The Subscription Economy Is Here
In a recent Sage Advice Podcast Craig discusses his thoughts around subscription models in the services industry with Ed Kless. Listen below:
Traditionally, [customers] would have to go through the long process of explaining the solution to the service provider along with laying down quite a lot of money to get the service provider to engage, were as with the subscription model the cash flow risk is really low on that. Also the discovery risk is very low, you don’t have to define the full six month, twelve month project up front, what you can just do is to take an agile approach, lets define the next two weeks which you can do pretty quick. If you don’t like what you are getting, cancel your subscription, if you love it you can scale your subscription upwards. It gives the customer ultimate control right from day one.
Predictable Revenue Stream
We can predict revenue for over say a twelve month period we can say, with that revenue how can we best serve our customer. And I think its very import, the question that we ask ourselves and that we encourage other business to ask themselves, is we know there is a global shift to sub economy, we know that, we look around us we see that all the time. The question is do you want to be a part of that.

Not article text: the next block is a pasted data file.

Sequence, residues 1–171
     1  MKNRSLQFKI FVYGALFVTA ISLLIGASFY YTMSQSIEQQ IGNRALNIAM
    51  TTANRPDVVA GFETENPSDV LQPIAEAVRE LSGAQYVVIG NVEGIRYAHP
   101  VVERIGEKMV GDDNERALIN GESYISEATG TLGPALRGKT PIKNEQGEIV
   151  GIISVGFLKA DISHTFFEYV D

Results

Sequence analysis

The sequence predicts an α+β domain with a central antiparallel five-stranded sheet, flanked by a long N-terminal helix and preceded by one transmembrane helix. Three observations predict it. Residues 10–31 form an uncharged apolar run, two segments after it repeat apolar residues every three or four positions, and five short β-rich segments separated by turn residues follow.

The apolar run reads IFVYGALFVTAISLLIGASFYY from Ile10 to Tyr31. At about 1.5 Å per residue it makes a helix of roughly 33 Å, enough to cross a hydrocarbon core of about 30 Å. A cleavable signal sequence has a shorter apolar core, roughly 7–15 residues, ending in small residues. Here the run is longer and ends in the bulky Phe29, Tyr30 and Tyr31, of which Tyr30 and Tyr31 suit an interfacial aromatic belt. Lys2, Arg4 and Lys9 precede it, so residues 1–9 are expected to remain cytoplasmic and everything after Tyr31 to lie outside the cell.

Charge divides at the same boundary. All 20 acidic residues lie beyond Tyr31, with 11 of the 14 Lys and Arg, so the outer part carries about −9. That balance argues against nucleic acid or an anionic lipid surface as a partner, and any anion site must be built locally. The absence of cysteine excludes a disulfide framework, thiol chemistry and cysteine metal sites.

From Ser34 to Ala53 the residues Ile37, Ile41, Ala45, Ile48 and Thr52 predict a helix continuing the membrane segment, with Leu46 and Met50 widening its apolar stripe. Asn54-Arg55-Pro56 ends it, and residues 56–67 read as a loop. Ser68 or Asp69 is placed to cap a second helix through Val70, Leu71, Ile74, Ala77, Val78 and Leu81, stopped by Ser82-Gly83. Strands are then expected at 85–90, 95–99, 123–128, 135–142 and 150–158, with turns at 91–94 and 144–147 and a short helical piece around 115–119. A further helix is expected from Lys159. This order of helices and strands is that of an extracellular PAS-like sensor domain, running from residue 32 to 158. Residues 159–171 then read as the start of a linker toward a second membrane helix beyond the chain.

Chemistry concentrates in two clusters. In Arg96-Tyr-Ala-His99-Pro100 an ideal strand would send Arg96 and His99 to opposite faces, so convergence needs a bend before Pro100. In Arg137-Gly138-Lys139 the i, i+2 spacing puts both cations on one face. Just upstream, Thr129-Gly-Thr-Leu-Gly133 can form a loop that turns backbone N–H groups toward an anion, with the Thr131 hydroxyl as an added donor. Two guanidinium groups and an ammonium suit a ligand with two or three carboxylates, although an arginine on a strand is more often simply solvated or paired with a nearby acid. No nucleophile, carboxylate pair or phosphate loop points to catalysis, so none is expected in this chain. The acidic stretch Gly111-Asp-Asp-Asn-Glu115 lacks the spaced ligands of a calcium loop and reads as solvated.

We are finding and what many other sub companies are finding is that this idea of subscriptions, what it gives you is the reality of the relationship centric model. So when we sit down with our customers, we never talk to them about money, we never talk to them about scope creep, that conversation is gone. What we focus on 100% of the time is maximizing value, listening to them, understanding their changing needs and responding to that in a very agile manner.
What Are Some of the Challenges With Subscription Based Services?
How do consulting services work with the subscription model?